Unenforceable agreements

Unenforceable agreements


By Joanna Connolly, head of consumer credit at MSB Solicitors LLP.


Credit agreements that may be unenforceable

If you have individual loans both secured and non-secured, hire purchase agreements or running credit agreements (credit and store cards) of up to £25,000, which were taken out before 6 April 2007, then it is likely that some of the agreements cannot be legally enforced by the creditor. This is because there are strict regulations, known as “prescribed terms” under the Consumer Credit Act 1974 which the creditor must comply with, and the financial penalty they pay for not complying with the relevant regulations is that they lose the right to enforce the debt.

Credit agreements may be unenforceable for many reasons, some of which are:


• The loan agreement does not state the amount of credit.


• Credit/store cards do not state the credit limit, interest rate charged or what the monthly repayment is.


• Depending on the date and type of agreement, there is no rate of interest or APR specified.


• Hire purchase/conditional sale and credit card/store cards agreements do not state how the money borrowed is to be repaid by stating the number of instalments, the amount of repayments or when the instalments are due to be paid.


• If the creditor has power to vary the interest rate or minimum amount payable for example, then that, depending on the type of agreement, must be specified.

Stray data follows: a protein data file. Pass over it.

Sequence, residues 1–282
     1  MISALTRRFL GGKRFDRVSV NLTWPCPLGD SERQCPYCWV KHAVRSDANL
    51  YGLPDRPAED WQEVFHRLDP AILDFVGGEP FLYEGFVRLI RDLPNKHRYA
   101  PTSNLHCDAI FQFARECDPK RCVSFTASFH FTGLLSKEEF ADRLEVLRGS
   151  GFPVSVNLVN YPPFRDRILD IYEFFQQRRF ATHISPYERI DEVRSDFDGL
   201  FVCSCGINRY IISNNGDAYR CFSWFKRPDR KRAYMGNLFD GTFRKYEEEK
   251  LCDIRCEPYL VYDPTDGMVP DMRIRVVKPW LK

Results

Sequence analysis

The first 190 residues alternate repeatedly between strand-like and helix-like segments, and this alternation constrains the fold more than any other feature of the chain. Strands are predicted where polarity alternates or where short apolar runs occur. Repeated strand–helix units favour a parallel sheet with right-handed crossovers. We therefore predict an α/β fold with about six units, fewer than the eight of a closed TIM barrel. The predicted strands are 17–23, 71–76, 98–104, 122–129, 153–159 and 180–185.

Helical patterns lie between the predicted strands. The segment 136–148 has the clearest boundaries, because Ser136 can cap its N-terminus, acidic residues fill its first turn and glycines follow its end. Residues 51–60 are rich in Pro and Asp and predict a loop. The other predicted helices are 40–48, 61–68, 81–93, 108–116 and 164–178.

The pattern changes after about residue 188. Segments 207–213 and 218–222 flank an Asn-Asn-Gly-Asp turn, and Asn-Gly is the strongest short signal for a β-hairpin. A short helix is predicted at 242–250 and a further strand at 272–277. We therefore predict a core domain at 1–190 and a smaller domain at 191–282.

• The agreement is not signed.


• The creditor has neither the original agreement nor a signed copy.


• In the case of cancellable agreements, such as loans signed in the borrowers home, failure by the creditor or hirer to include, in an agreement or copy, notice of the right to cancel.


Arrears notice penalty

If the creditor fails to provide a notice of sums in arrears when required to do so, they are not entitled to enforce the agreement until they comply. The debtor or hirer is not liable to pay any interest that relates to the period of the creditor or owner’s failure.


Notice of Default Sums

A creditor or owner must serve a Notice of Default Sums where for example they want to charge a late payment penalty. The notice must detail the amount the debtor has to pay. A creditor may only require a debtor to pay interest (in connection with a default sum) 28 days after the day the notice was given to the debtor. So if the creditor fails to give notice to the debtor then he can not enforce the agreement until notice is given.


Default / termination & court action

Before a creditor can terminate your credit agreement early for non payment, they have to follow the procedures required under the Consumer Credit Acts 1974 & 2006. If they have not complied with the statutory default and termination procedure and the creditor issues court proceedings then the creditor is only entitled to the arrears at the time they originally defaulted you, not the whole amount.



The views expressed in these articles are the views of the author only. No liability attaches to you for any advice given in the absence of a written retainer. If any issue affects you, you must instruct a solicitor and take appropriate legal advice.


Joanna Connolly is head of consumer credit at well-established Liverpool law firm MSB Solicitors LLP.
She has a particular interest in consumer credit and the enforceability of consumer credit agreements.
In addition to debt and insolvency expertise, MSB represents clients across Britain and internationally.


To contact Joanna Connolly directly e-mail joannaconnolly@msbsolicitors.co.uk or call MSB Solicitors on 0151 254 2200